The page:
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Mentally ill get shafted by states that opted out of the ACA

People who suffer from mental illness are the least likely to be covered by the expansion of Medicaid that accompanies the Affordable Care Act (ACA) according to a new study released by the American Mental Health Counselors Association (AMHCA) on Feb. 26, 2014.

Secretary Kathleen Sebelius stands in the light of a digital projector before delivering remarks and answering questions during the U.S. Conference of Mayors January 22, 2014 in Washington.
Photo by Chip Somodevilla/Getty Images
Health Link Assisters Org. is using the church as a meeting place to sign up people and provide information, answer questions, and enroll residents in affordable public and private health insurance plans.
Photo by Mark Wilson/Getty Images

The report indicates that 6.7 million people in the United States suffer from some mental health condition or a substance abuse disorder that could be covered by the ACA. The report continues to indicate that 4 million of the people that have a treatable mental condition or a substance abuse problem will not be insured in the states that opted out of the ACA.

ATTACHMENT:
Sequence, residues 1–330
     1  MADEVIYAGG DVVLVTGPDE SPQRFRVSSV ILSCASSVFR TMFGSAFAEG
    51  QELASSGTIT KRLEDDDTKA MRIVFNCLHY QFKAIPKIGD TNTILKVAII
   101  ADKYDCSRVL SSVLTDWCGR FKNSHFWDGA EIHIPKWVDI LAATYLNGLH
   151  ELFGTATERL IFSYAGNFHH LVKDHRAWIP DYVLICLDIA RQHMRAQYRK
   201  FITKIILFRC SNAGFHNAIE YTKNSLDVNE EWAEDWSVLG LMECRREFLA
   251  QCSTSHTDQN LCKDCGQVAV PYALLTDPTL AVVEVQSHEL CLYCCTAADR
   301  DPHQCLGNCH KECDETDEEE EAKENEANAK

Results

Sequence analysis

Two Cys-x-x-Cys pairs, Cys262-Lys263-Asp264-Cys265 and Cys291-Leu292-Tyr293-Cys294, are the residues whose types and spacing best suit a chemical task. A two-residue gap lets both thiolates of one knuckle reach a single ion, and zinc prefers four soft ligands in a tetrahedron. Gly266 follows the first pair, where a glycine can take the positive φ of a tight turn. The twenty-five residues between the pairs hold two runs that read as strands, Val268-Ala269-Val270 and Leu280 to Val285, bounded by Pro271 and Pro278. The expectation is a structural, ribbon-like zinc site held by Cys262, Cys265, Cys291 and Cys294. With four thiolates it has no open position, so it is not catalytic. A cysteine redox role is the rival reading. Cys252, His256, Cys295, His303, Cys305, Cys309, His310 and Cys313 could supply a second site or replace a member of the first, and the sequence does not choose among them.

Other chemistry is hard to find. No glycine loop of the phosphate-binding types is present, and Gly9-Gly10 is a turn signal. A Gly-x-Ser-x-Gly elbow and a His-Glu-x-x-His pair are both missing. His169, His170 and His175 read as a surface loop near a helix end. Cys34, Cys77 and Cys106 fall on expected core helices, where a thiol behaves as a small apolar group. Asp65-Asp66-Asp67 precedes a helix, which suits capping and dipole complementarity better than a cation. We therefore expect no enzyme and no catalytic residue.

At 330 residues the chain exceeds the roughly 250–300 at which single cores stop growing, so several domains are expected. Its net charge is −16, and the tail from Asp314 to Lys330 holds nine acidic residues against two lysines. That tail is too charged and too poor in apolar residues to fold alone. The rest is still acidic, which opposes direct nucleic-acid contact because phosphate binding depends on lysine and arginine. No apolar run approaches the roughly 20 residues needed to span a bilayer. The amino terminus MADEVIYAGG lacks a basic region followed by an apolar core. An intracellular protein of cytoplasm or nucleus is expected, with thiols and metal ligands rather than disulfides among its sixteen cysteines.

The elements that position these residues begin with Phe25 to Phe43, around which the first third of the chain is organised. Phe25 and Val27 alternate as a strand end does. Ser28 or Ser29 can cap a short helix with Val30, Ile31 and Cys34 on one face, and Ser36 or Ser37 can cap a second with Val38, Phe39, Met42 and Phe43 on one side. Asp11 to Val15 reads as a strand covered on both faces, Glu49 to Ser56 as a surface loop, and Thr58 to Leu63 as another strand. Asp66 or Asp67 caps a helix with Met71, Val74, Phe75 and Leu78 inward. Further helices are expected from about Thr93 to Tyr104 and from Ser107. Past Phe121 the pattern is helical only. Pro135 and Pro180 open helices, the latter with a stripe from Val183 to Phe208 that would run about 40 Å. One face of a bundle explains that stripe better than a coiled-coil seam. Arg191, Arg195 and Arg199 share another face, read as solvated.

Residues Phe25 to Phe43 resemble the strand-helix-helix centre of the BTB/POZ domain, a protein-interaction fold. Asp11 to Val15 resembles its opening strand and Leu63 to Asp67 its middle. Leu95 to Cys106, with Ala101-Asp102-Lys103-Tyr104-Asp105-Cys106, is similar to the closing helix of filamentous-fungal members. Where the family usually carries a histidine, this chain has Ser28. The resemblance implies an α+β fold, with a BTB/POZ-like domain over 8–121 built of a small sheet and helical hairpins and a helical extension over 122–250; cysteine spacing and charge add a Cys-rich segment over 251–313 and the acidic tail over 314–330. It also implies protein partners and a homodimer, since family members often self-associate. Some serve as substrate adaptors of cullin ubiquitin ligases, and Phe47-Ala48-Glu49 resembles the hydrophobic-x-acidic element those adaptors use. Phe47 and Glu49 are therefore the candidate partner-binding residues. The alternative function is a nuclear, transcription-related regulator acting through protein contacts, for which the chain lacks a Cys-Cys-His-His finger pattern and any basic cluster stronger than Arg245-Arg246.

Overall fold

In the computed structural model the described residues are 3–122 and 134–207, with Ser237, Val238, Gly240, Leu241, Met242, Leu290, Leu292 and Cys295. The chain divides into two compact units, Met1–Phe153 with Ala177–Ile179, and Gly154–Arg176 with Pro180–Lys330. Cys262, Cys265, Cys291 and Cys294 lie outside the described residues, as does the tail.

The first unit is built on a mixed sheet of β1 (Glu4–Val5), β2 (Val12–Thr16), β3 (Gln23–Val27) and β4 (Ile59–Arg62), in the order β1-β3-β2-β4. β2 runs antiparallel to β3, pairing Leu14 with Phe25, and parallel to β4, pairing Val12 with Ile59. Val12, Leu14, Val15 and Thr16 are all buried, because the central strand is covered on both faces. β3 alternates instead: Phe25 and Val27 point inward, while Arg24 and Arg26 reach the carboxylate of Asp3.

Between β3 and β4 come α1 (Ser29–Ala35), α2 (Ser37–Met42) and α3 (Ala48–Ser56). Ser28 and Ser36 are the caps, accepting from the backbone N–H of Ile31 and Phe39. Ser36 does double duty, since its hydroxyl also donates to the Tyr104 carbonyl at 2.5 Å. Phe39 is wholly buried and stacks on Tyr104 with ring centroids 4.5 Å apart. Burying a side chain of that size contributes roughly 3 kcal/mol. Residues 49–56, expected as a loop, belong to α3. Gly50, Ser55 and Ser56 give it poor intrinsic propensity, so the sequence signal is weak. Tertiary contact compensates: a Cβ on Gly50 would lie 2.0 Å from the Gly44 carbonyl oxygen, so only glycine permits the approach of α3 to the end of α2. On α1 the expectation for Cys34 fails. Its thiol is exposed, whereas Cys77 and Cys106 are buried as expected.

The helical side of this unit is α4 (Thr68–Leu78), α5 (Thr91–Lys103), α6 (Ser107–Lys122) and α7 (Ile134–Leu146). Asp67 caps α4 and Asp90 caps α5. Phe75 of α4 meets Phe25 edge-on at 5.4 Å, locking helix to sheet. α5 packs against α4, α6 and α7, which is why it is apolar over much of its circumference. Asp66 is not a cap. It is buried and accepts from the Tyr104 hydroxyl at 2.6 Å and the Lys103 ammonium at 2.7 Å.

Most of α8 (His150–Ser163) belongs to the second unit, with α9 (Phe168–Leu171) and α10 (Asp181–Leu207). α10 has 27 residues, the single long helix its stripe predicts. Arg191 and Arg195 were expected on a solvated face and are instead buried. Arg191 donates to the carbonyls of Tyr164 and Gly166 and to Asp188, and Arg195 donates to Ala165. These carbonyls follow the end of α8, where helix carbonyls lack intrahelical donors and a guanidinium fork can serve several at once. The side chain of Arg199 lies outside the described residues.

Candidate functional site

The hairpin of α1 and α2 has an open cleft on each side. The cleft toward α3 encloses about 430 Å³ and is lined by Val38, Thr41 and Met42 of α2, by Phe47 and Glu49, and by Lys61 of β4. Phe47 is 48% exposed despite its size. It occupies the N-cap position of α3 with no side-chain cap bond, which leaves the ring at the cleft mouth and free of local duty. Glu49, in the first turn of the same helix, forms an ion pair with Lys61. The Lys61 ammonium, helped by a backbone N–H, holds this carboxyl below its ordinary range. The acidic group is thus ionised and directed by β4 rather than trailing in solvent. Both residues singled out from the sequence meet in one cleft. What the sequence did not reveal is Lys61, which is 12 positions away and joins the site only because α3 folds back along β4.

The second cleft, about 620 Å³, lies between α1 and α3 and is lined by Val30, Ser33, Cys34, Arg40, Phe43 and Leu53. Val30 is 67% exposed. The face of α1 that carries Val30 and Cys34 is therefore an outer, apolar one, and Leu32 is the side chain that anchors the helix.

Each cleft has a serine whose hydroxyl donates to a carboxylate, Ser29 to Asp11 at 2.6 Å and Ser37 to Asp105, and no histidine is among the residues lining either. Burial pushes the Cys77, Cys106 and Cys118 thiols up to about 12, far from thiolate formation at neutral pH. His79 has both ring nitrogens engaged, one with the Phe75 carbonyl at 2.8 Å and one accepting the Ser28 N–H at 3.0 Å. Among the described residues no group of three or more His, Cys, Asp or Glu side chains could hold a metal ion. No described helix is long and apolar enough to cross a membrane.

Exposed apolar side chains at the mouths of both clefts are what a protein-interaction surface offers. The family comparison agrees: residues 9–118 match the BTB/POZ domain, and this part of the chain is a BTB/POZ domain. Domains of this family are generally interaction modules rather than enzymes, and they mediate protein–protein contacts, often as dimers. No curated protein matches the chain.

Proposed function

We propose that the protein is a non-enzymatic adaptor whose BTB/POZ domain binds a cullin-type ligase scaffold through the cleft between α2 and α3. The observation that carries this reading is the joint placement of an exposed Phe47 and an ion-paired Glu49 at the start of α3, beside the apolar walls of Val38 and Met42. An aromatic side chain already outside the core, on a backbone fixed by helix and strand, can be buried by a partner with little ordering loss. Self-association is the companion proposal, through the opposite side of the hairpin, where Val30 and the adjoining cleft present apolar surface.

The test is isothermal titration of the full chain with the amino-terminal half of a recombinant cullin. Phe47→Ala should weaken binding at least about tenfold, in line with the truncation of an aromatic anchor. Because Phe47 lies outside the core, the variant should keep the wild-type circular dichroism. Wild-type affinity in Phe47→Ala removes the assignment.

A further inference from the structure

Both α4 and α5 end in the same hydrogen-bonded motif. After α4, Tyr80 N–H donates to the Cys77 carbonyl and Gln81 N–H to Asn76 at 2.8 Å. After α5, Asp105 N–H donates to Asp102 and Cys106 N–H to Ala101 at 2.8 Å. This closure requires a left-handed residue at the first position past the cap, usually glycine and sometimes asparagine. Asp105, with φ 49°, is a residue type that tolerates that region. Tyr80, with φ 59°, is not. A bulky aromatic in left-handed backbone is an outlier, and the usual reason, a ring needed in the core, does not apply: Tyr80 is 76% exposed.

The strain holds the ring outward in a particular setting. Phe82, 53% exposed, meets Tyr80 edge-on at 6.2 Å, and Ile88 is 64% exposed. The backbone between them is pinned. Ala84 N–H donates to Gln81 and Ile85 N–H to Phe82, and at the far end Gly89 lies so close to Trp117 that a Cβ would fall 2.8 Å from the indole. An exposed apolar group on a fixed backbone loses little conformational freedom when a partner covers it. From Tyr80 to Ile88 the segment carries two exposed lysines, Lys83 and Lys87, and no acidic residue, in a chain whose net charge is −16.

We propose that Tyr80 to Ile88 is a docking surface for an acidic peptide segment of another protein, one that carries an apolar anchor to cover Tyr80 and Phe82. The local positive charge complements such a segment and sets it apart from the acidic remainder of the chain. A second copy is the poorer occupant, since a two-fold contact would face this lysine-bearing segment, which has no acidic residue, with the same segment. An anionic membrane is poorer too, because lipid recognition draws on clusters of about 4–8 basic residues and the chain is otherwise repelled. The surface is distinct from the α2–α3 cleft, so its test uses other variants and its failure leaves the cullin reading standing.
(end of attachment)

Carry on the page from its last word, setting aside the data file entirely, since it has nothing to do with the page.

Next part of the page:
The majority of people that have a mental health issue and cannot participate in the ACA expansion of Medicaid live in the states that are traditionally known as the South.

The report indicates that a large number of people that have mental health issues go on to commit violent crimes if they remain untreated.

The Republican governors of most of the states that opted out of the ACA claim they did so to produce a cost savings to the federal government and to their state governments.

The report indicates that time will tell if the cost conscious decision to opt out of the ACA will result in higher costs for crimes committed by people with mental illnesses.

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